Can the Kunsthalle Detroit Bring the International Avant-Garde to America's Most Blighted City?

Can the Kunsthalle Detroit Bring the International Avant-Garde to America's Most Blighted City?
Itsounds like a "20/20" special or an inspirational Hilary Swank movie: Jadedinternational art consultant sees television news report on a poverty-strickenMidwest city and spontaneously drives there to see the physical devastation forherself; bowled over by what she finds, she packs up her New York apartment andships out in a matter of months, leaving behind everything she knows in orderto build a museum in one of the most dangerous parts of a lawless city.

This is the real-life story of Tate Osten, a Russian-born,New York-based art consultant, who left her job in 2009 to found KunsthalleDetroit, a museum of multimedia and light-based arts that completed its phasedopening to the public last week. Osten purchased the abandoned bank branch thatwould house her museum with $60,000 of her own money, selling personal jewelryto pay her expenses. The building was refurbished entirely by volunteers, oftenout-of-work locals who responded to Osten's ads on Craigslist. Sometimes, aftera long day of construction, she would drive them all home herself. "They didn'thave cars," she said by way of explanation.

But Osten seems uninterested in romanticizing the Hollywoodarc that has made her story immediately compelling to mainstream news outletslike the AP and NPR. In a conversation with ARTINFO, it's clear that she wants hermuseum to win bona-fide art-world cred based on the quality of its program rather than its appealing backstory. (It's like pulling teeth to get her to admit that she is the one-woman "private funding" that established the museum.) 

 

Marketed as the first museum of light-based arts in thecountry, Kunsthalle Detroit's first exhibition, "Time and Place," features workby an impressive roster of artists, including Jesper Just, William Kentridge,Hans Op de Beeck, and Bill Viola, all of whom agreed to participate for free."The purpose was to gather together a really strong roster of artists who haveshown all over the world," Osten said. "And we put them in a group show, whichis very unusual." 

Osten is one of a growing community of artists and artprofessionals drawn to Detroit for its cheap real estate, striking urban decay,and atmosphere of simmering creative energy far removed from market pressures.The trend began as early as the 1980s, when wealthy residents began fleeing thecity for the suburbs in the notorious "white flight" epidemic. The city's art scene began to morph into a less monied, more community-driven environment, best epitomized by artist Tyree Guyton's HeidelbergProject, an outdoor art installation that he launched in 1986 to attract artists and revive hisneighborhood.

More recently, the city has drawn art professionals frommore conventional cultural centers in the United States and Europe itching to maketheir mark on an emerging scene. Beginning in 2009, artists Mitch Cope and GinaReichert sold refurbished abandoned homes to artists for as little as $100 aspart of their wildly successful "Power House Project." That buyers included agroup of Dutch curators is a testament to the city's appeal to European artprofessionals, who see it as a kind of proto-Berlin — a struggling, industrialcity with the potential to become a creative hotbed.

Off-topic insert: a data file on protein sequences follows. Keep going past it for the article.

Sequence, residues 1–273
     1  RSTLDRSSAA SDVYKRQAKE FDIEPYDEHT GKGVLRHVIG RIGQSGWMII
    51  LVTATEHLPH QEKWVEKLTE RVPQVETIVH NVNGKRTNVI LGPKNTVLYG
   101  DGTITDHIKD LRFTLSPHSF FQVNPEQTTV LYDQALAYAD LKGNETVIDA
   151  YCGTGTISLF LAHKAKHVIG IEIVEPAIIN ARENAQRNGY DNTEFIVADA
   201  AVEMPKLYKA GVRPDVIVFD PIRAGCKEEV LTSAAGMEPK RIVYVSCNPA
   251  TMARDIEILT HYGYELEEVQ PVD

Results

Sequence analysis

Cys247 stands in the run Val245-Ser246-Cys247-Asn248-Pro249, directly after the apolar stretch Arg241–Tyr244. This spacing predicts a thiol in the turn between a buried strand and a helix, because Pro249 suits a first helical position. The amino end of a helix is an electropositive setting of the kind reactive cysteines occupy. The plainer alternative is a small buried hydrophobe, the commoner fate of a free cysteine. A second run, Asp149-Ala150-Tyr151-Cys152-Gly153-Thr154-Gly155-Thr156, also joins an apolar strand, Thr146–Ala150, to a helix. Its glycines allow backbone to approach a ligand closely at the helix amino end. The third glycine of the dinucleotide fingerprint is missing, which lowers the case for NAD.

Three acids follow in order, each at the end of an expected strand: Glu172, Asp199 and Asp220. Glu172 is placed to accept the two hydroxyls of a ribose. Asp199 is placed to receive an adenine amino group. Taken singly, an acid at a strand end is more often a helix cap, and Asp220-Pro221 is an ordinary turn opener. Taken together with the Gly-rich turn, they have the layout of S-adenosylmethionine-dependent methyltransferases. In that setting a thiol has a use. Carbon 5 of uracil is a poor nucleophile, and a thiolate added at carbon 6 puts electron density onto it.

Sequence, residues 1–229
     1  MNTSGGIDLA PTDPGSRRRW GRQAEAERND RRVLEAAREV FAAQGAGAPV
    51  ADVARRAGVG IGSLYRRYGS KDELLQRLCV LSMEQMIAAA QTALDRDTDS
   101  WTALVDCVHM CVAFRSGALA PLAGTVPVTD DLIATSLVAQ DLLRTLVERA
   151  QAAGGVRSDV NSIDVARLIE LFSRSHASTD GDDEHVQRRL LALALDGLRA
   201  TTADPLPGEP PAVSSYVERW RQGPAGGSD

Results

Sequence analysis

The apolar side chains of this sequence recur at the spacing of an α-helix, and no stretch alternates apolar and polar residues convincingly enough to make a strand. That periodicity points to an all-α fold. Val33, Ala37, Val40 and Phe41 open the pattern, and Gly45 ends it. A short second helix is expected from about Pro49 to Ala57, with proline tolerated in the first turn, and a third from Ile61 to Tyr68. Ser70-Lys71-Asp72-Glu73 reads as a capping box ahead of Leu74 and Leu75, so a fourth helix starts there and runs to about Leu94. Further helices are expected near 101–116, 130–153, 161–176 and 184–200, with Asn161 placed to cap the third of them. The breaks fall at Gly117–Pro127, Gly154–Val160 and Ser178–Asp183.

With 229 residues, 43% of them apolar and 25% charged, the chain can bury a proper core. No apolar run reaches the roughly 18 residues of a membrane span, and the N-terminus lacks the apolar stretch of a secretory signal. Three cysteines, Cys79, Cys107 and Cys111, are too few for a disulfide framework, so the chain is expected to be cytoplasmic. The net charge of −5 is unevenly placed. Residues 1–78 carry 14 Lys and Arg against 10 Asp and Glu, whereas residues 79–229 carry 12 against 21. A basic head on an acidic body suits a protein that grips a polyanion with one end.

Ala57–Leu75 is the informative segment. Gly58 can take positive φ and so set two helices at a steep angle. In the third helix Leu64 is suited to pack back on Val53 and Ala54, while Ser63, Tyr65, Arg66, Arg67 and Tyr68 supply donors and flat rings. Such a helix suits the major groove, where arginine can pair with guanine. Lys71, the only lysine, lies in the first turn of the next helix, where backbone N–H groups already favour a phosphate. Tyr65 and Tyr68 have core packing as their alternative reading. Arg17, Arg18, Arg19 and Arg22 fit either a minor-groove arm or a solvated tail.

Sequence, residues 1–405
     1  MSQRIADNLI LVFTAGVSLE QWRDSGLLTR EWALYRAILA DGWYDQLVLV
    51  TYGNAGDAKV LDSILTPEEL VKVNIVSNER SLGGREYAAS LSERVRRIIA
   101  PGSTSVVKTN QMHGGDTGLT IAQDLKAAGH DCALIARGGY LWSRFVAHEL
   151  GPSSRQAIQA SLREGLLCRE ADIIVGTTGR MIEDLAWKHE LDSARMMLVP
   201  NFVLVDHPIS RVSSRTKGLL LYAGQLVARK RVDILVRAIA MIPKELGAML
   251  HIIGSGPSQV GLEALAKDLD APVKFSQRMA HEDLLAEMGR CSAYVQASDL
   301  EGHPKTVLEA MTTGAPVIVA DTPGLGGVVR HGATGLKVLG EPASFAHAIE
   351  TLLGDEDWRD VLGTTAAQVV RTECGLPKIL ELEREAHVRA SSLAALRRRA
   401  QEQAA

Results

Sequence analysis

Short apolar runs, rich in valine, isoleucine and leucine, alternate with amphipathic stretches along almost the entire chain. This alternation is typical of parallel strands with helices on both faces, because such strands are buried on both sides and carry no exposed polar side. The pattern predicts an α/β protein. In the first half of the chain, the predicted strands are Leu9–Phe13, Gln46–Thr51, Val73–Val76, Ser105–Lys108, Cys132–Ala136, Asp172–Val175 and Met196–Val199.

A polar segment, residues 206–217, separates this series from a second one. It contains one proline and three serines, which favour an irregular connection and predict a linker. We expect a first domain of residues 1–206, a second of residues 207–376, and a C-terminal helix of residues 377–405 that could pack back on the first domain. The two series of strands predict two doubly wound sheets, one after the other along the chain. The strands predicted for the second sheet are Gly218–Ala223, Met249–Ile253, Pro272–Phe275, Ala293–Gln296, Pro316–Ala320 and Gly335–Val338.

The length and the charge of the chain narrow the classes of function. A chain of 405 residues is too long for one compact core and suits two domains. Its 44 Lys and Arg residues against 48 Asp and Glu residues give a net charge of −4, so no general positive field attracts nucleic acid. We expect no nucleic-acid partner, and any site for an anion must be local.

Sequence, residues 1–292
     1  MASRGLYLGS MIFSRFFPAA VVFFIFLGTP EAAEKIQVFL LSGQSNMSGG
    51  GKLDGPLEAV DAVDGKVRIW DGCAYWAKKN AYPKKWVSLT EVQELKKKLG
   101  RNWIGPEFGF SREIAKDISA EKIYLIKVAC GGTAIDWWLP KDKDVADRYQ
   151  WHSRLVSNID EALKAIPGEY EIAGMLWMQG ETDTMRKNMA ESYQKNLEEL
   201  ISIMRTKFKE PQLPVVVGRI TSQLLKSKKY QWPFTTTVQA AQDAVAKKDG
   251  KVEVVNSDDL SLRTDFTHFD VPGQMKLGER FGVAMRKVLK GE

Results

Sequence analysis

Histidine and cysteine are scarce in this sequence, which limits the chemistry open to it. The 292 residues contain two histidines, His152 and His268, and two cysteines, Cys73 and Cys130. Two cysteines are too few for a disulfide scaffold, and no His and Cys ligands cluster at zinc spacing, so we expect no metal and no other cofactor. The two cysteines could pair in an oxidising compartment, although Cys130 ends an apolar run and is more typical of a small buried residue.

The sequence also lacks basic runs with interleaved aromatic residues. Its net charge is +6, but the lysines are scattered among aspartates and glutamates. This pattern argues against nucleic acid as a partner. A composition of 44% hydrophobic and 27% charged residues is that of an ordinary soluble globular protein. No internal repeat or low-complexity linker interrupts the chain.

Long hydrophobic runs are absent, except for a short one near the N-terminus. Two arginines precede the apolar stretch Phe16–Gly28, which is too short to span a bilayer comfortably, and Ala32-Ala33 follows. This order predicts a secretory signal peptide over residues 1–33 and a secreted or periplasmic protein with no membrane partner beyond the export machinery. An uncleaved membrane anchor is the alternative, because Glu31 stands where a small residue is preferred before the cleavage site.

"Berlin is what current Detroit reminds me of," agreedOsten, who lived in the German city for several years before coming to NewYork. Like Berlin two decades ago, she said, Detroit is home to great creativetalents but has struggled to overcome poverty and disunity to achieve itspotential as a legitimate arts hub. "Every little art community or every artisthere is self contained. And they think, 'We have our art community.' But we seeit from the outside as a disconnected art community," she explained. "Ourmission here is to connect all the art areas in Detroit."

Osten is currently in talks with the Contemporary ArtInstitute of Detroit to plan shared events and shuttles between the twoinstitutions. In the long run, she is working to initiate an exchange programwith Kunsthalles abroad, offering to host temporary displays of work by international artists in exchange for sending work by local Detroit artistsoverseas. She also hopes to create a biennale devoted to light arts, similar toFrankfurt's "Luminale."

How does such a Euro vision for a museum adaptto a crime-riddled neighborhood of Detroit? According to Osten, the inauguralexhibition of 12 films is inextricably linked to the spirit of the city. JespurJust's "Sirens of Chrome" and Tim White-Sobieski's "The Sound and the Fury"were both filmed locally. The centerpiece of the exhibition is Bill Viola's54-minute film "The Passing" which captures a figurealternatively emerging and sinking into the water, perhaps a metaphor for thestalled nature of the city itself. Each film speaks in some way to the city'scomplex relationship with the passage of time, said Osten. "Everyone lives alittle in the past here... Letting it go is a big problem."

Although immediate neighbors have not visited theexhibition — they may be deterred by the $5 suggested donation, according to Osten — the showhas been well received by the larger community. The neighborhood is undoubtedlydangerous: thieves raided the site last year and Osten has been told not topaint over graffiti or risk incurring the wrath of local gangs. Despite this history, the opening drew over 200, with people coming from as far as AnnArbor. Visitors "tied up their bikes at the lamppost, not afraid that the bikesmight be stolen," she said. "They come here without fear, and that's veryencouraging, because that's what most artists feel as well: No fear."